Nature has the story of an international team led by Portland-based reproductive biologist Shoukhrat Mitalipov, who used CRISPR gene-editing to erase a potentially fatal heart ailment in dozens of embryos:
The researchers targeted a mutation in a gene called MYBPC3. Such mutations cause the heart muscle to thicken — a condition known as hypertrophic cardiomyopathy that is the leading cause of sudden death in young athletes. The mutation is dominant, meaning that a child need inherit only one copy of the mutated gene to experience its effects.
The team also tackled two safety hurdles that had clouded discussions about applying CRISPR–Cas9 to gene therapy in humans: the risk of making additional, unwanted genetic changes (called off-target mutations) and the risk of generating mosaics — in which different cells in the embryo contain different genetic sequences. The researchers say that they have found no evidence of off-target genetic changes, and generated only a single mosaic in an experiment involving 58 embryos.
Mitalipov’s team took several steps to improve the safety of the technique. The CRISPR system requires an enzyme called Cas9, which cuts the genome at a site targeted by an RNA guide molecule. Typically, researchers wishing to edit a genome will insert DNA encoding CRISPR components into cells, and then rely on the cells’ machinery to generate the necessary proteins and RNA. But Mitalipov’s team instead injected the Cas9 protein itself, bound to its guide RNA, directly into the cells.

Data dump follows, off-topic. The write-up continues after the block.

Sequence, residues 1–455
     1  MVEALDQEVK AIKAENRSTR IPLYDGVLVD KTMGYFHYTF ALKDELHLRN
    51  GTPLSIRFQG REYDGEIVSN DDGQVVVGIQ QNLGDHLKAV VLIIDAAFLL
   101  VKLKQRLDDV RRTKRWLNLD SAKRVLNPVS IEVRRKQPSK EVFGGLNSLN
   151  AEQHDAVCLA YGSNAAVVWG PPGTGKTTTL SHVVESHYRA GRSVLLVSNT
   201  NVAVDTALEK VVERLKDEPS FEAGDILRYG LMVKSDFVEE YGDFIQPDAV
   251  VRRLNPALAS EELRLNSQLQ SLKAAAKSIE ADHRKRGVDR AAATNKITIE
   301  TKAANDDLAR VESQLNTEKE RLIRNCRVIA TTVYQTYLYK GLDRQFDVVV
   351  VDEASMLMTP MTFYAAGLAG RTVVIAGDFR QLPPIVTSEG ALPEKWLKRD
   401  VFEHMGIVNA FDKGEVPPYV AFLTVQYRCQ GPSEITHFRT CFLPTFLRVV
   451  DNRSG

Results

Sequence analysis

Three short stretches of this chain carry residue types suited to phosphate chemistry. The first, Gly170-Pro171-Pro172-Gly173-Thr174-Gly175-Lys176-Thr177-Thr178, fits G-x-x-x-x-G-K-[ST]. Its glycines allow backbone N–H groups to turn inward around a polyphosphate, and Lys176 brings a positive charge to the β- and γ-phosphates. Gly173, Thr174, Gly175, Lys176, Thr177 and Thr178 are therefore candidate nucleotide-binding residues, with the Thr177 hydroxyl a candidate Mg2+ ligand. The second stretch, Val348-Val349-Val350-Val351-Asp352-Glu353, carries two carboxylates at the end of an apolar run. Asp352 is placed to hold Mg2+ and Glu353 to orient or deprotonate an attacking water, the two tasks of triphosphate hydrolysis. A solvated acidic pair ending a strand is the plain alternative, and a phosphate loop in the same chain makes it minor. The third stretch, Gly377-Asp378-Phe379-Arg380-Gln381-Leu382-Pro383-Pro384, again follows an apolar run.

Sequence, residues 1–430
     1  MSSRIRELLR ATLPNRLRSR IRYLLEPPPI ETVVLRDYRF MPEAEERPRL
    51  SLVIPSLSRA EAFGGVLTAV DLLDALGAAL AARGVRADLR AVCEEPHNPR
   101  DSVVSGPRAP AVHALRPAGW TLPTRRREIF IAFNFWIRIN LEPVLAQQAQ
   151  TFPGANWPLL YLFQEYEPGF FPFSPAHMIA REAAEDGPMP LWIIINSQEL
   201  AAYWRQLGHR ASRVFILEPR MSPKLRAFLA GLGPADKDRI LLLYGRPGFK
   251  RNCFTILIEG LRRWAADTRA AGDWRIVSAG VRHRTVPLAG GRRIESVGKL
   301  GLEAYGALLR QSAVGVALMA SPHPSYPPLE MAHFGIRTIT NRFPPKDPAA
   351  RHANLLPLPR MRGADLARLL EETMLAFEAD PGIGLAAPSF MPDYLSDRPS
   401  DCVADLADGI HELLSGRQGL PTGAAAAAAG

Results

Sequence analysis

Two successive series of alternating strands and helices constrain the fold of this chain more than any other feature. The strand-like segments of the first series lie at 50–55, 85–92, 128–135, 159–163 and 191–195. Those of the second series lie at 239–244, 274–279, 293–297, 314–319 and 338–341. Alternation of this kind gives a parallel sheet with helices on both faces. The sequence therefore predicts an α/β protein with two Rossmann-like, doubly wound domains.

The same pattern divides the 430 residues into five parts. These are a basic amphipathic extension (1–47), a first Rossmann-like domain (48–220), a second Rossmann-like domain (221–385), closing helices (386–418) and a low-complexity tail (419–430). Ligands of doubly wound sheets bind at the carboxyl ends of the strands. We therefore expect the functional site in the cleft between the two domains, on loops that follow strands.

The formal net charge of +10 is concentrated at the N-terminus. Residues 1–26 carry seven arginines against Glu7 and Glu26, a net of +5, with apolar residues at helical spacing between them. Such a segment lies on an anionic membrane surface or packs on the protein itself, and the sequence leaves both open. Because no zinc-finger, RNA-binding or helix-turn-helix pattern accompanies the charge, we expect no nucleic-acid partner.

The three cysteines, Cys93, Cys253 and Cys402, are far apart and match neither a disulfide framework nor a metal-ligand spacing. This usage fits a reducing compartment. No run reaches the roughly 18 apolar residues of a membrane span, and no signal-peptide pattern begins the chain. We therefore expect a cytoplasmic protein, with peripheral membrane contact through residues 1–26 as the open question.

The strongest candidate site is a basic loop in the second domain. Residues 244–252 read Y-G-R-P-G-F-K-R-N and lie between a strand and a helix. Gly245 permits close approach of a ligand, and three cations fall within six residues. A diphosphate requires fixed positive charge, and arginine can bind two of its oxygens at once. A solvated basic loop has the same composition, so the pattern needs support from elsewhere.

[S]ays genome engineer Jin-Soo Kim of the Institute for Basic Science in Daejeon, South Korea, and a co-author on the study. “Cas9 is rapidly degraded,” he says. “There is little time for off-target mutations to accumulate.”
In an experiment Mitalipov’s group performed in 58 human embryos fertilized with sperm carrying the MYBPC3 mutation, 42 were successfully edited to contain two normal copies of the MYBPC3 gene. Only one was a mosaic. By comparison, the team found that 13 of 54 treated embryos were mosaics when the CRISPR–Cas9 machinery was injected 18 hours after fertilization.
The low rate of mosaics and the unusually high efficiency of gene editing make the study stand out, says stem-cell biologist Fredrik Lanner of the Karolinska Institute in Stockholm, who co-authored a commentary accompanying the article. Additional testing is needed to show that the low rate of mosaics holds true for other gene-editing targets, but for now, he says, “it’s a huge step in that direction”.
Lanner is also editing genes in human embryos, as a way of learning more about developmental biology. But he notes that in Sweden, it would be illegal for him to create embryos solely for the sake of research. Instead, he must use surplus embryos from fertility clinics (created using eggs that have already been fertilized), putting the kind of study that Mitalipov’s team did — in which CRISPR–Cas9 machinery is introduced at the same time as sperm — out of reach.
Had to pause for moment when I realized HCM was the thing they were working on. I’ve got that. A non-fatal version… so far. Still. Weird to see it there.
Anyway, there’s plenty more to read on this from Mr. Rowan Jacobsen.